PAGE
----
Picks and Pans Review: Doolittle
updated 06/26/1989 AT 01:00 AM EDT
•originally published 06/26/1989 AT 01:00 AM EDT
Other 1980s bands have tried to sharpen the dulled edge of rock by taking old ideas to new extremes or by adding intellectual gimmicks. The Pixies keep their technique simple and disciplined. Every guitar chord, every drum beat adds something crucial to the 15 short songs in the Boston quartet's third album. Every cackle and scream of lead singer-songwriter Black Francis helps heighten taut emotions. No studio knob twirler could impose such a balance of restraint and wildness; it comes directly from the band. Even Kim Deal (whose stage—and real—name used to be Mrs. John Murphy) holds together nearly every song with insistent, contrapuntal melodies, instead of wimping around in the background like so many bass players.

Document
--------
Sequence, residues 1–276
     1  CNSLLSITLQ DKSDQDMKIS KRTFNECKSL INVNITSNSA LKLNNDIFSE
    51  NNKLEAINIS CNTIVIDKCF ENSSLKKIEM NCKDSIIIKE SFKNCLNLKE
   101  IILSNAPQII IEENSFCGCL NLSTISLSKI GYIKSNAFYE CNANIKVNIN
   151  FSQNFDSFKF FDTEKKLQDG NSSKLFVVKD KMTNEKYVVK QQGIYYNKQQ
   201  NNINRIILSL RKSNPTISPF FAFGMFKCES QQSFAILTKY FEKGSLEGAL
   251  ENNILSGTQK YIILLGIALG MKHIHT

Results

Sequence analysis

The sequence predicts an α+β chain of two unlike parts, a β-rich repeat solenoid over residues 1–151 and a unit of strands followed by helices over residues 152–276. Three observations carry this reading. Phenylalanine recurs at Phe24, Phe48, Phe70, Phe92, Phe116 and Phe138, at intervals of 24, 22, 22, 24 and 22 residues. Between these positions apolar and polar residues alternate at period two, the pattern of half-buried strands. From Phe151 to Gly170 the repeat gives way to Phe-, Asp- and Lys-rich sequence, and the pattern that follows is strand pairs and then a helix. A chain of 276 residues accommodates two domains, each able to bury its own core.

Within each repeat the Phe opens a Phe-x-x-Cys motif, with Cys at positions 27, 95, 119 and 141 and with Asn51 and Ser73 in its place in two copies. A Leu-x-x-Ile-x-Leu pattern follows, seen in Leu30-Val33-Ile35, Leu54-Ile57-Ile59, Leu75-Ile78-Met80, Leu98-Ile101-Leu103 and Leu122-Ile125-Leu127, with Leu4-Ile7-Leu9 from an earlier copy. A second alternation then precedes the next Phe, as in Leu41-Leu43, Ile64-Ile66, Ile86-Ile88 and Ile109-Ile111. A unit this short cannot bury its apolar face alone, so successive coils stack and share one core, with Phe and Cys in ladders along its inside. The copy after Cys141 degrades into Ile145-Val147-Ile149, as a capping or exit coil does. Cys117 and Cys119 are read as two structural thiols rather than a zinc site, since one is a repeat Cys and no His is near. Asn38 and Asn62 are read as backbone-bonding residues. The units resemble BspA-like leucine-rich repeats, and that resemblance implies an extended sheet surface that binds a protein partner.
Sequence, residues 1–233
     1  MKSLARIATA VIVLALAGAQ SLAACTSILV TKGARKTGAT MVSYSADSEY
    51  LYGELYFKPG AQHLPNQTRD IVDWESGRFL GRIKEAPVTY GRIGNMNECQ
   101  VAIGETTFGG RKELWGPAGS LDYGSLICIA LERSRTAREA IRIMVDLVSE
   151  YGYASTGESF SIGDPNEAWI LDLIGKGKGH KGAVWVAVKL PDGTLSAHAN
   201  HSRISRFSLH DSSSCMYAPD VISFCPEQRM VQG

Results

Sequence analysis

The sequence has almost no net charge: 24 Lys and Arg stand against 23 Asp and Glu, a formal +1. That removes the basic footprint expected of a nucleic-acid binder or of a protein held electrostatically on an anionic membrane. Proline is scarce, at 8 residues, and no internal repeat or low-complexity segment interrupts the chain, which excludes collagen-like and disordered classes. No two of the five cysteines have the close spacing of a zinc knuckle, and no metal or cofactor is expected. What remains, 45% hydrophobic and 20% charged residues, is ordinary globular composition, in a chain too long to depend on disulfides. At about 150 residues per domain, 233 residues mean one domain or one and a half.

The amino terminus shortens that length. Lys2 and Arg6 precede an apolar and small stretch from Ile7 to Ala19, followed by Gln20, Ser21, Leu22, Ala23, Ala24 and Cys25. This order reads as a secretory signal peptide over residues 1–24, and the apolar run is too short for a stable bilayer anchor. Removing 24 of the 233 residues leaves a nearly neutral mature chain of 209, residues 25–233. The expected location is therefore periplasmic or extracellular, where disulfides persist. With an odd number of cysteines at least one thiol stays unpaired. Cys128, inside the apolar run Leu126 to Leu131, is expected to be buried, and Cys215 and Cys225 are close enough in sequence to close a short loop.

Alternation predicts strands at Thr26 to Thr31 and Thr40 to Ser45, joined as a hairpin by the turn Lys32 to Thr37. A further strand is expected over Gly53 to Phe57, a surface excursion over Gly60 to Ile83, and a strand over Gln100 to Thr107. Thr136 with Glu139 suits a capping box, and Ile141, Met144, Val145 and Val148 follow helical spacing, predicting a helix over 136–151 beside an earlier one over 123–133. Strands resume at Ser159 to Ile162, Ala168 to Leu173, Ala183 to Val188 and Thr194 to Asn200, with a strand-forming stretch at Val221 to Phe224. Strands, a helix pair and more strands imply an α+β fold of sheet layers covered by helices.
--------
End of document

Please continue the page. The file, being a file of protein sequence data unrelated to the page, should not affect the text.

At their best the Pixies trample the line between chilling viciousness and sarcastic self-parody. Titles such as "I Bleed," "Dead," "There Goes My Gun" and "De-baser" can't be taken any more seriously than a song titled "Tame," which, in true Pixies style, is anything but. The minimalist lyrics of "La La Love You" expand little upon the title, yet the tough-edged accompaniment gives the song an unstated eloquence, an '80s mix of cynicism, passion and aggression. As the decades eat away at the avatar of hard rock, it has evolved from a strident rebel into a clichéd clown. The Pixies clearly want to get it back in shape, as a brutal, bleeding giant. (Elektra/4AD)